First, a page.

Bob Marley was born in St. Ann on February 6, 1945. His father, Norval St. Clair Marley, was a white Naval Officer. Marley's mother's name was Cedella Malcolm Marley.
Bob Marley's move to Kingston was a milestone in his life. During Bob's eighteen months in Kingston he was introduced to music. This was an introduction that would have profound effect on the rest of his life, the Jamaican community, and the world.
His music Career
The music of Bob Marley and The Wailers was filled with images of Third World strife alive with symbols and sayings derived from Jamaican and African traditions. Later their music began to concern itself with social issues on the island, whether it was denouncing police harassment as in "Rebel Music" or in "Them Belly Full" about poverty and hunger.
The first song attributed to Bob Marley was "Judge Not" produced by Leslie Kong, when Bob was a teenager. It was soon followed by "Terror" and "One Cup of Coffee". In 1962 the Wailers were formed with Neville O'Riley Livingston, popularly known as "Bunny Wailer", Winston Hubbert McIntosh, also known "Peter Tosh", Bob Marley, Rita Anderson-Marley and Beverly Kelso. In 1963 the Wailers big break came with their first single "Summer Down" which stayed on the charts at number one for two months. It was quickly followed by the release of "Rude Boy" and "Jail House".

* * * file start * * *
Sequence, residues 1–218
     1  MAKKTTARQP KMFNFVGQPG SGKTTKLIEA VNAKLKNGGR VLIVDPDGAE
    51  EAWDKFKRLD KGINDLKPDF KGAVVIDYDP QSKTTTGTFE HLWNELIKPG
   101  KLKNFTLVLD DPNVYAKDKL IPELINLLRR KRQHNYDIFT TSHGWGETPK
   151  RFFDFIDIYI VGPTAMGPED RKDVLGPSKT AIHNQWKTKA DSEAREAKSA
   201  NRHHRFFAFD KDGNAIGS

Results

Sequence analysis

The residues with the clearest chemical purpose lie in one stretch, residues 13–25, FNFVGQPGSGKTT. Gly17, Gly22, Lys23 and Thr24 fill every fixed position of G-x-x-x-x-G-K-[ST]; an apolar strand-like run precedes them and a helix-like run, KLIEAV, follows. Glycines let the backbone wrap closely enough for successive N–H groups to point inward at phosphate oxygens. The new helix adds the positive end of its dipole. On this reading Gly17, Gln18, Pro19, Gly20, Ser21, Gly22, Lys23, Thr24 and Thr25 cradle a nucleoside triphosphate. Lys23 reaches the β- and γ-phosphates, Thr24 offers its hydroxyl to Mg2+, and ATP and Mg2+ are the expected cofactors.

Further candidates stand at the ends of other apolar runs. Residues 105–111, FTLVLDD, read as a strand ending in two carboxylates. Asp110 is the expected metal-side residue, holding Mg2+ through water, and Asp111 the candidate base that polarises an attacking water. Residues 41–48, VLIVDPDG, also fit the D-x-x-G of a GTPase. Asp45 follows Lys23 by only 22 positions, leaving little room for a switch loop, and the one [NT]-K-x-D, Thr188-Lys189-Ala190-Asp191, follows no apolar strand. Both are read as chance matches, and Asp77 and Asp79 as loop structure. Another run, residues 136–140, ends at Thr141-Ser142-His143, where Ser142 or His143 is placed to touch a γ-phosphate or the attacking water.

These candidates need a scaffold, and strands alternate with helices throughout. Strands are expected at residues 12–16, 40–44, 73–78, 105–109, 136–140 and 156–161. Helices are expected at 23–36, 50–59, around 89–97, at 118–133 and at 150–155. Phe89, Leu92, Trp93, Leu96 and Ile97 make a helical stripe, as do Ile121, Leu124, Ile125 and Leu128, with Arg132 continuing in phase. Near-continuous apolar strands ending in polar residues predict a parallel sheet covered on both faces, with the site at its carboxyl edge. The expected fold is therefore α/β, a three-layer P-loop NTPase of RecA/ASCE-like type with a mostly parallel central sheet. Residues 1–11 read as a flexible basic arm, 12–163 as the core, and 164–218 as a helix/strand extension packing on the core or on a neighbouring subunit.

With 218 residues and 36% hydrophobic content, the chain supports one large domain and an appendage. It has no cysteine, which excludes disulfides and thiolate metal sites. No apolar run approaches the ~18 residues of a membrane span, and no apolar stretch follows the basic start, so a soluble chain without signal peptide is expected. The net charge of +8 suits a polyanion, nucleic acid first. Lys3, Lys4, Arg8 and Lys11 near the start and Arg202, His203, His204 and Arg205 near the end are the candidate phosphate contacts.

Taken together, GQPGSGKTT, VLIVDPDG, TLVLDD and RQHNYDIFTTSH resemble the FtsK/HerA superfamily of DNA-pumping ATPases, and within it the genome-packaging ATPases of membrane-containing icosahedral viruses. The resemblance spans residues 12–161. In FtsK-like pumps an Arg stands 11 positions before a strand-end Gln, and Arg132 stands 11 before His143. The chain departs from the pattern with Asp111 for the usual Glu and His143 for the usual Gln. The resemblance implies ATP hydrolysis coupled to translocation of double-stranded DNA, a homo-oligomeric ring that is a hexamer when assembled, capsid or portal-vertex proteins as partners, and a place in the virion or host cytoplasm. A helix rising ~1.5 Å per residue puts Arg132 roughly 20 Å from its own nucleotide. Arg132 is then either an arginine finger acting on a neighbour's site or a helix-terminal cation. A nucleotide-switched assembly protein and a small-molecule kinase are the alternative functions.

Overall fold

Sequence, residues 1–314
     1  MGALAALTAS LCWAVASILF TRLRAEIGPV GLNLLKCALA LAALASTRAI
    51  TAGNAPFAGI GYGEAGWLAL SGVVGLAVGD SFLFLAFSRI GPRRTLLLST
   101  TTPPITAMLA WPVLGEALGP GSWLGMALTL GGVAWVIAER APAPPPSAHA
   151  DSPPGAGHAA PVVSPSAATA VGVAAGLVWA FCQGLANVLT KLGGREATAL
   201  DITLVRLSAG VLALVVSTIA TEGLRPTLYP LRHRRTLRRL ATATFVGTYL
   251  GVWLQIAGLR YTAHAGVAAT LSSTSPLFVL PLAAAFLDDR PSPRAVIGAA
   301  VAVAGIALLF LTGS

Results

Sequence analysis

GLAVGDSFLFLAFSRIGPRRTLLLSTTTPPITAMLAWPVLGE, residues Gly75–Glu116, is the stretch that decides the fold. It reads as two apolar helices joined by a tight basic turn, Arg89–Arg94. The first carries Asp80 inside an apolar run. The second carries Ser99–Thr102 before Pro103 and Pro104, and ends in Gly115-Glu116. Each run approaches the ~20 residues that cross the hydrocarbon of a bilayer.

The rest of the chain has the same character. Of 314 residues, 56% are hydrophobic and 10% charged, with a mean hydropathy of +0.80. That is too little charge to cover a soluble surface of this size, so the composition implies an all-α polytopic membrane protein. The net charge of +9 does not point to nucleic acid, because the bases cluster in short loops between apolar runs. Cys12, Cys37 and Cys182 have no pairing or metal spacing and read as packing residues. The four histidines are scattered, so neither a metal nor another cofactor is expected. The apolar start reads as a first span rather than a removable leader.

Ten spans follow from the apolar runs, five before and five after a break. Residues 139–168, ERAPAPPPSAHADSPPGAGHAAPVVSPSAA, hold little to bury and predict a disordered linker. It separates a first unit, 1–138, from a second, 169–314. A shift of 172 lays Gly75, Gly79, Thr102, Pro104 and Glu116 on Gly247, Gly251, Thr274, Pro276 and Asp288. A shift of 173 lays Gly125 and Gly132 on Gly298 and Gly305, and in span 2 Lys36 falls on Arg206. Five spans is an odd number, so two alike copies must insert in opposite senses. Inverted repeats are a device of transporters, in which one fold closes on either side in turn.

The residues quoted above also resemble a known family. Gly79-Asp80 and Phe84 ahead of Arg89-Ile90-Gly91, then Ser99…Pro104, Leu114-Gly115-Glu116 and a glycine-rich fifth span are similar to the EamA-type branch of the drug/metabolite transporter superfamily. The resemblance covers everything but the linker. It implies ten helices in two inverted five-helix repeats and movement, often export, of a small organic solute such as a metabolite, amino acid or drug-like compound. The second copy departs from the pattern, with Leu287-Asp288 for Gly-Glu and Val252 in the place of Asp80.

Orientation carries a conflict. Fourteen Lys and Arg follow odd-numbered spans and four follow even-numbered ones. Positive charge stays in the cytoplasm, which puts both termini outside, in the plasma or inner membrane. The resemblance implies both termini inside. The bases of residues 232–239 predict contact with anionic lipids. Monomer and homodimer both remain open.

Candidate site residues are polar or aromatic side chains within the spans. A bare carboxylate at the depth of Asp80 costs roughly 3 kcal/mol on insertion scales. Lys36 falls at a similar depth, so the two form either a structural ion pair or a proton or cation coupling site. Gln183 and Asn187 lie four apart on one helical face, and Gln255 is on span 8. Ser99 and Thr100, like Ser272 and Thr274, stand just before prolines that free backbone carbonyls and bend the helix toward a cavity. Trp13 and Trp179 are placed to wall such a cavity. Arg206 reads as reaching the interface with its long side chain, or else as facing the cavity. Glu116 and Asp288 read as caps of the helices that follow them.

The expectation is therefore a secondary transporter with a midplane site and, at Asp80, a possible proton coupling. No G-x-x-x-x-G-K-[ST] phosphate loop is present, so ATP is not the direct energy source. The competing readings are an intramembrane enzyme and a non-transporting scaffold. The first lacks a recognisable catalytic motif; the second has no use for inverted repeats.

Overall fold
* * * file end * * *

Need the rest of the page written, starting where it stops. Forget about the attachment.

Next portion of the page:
In late 1974, a new group was formed with Bob performing as lead singer with the I-Threes - Rita Marley, Judy Mowatt and Marcia Griffiths as back up singers. From 1976 onwards, Bob Marley and the Wailers drew large crowds to their concerts. They have toured extensively throughout countries such as the United States of America and Canada, the continent of Europe, Trinidad, Japan, Hawaii, Australia and most memorable of all Zimbabwe, Africa.
Bob Marley has left a legacy to the world, in the creation of Reggae Music. Jamaica has become known worldwide because of the popularity of the man and his music.